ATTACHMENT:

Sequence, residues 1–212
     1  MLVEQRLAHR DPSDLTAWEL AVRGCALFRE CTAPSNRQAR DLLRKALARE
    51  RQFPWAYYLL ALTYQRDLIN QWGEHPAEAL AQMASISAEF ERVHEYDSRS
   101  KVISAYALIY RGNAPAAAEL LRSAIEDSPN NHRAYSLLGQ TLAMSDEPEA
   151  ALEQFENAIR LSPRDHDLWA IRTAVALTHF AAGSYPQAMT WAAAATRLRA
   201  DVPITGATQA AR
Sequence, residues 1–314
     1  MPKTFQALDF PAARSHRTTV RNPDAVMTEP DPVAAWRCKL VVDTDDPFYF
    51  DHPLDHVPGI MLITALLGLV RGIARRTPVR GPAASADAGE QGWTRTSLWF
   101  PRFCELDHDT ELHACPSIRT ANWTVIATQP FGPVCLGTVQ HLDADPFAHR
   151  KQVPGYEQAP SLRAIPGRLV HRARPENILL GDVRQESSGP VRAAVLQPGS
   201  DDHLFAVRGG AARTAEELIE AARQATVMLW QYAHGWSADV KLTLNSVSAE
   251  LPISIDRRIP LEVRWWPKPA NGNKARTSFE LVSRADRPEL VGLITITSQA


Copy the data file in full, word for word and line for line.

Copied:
Sequence, residues 1–212
     1  MLVEQRLAHR DPSDLTAWEL AVRGCALFRE CTAPSNRQAR DLLRKALARE
    51  RQFPWAYYLL ALTYQRDLIN QWGEHPAEAL AQMASISAEF ERVHEYDSRS
   101  KVISAYALIY RGNAPAAAEL LRSAIEDSPN NHRAYSLLGQ TLAMSDEPEA
   151  ALEQFENAIR LSPRDHDLWA IRTAVALTHF AAGSYPQAMT WAAAATRLRA
   201  DVPITGATQA AR
Sequence, residues 1–314
     1  MPKTFQALDF PAARSHRTTV RNPDAVMTEP DPVAAWRCKL VVDTDDPFYF
    51  DHPLDHVPGI MLITALLGLV RGIARRTPVR GPAASADAGE QGWTRTSLWF
   101  PRFCELDHDT ELHACPSIRT ANWTVIATQP FGPVCLGTVQ HLDADPFAHR
   151  KQVPGYEQAP SLRAIPGRLV HRARPENILL GDVRQESSGP VRAAVLQPGS
   201  DDHLFAVRGG AARTAEELIE AARQATVMLW QYAHGWSADV KLTLNSVSAE
   251  LPISIDRRIP LEVRWWPKPA NGNKARTSFE LVSRADRPEL VGLITITSQA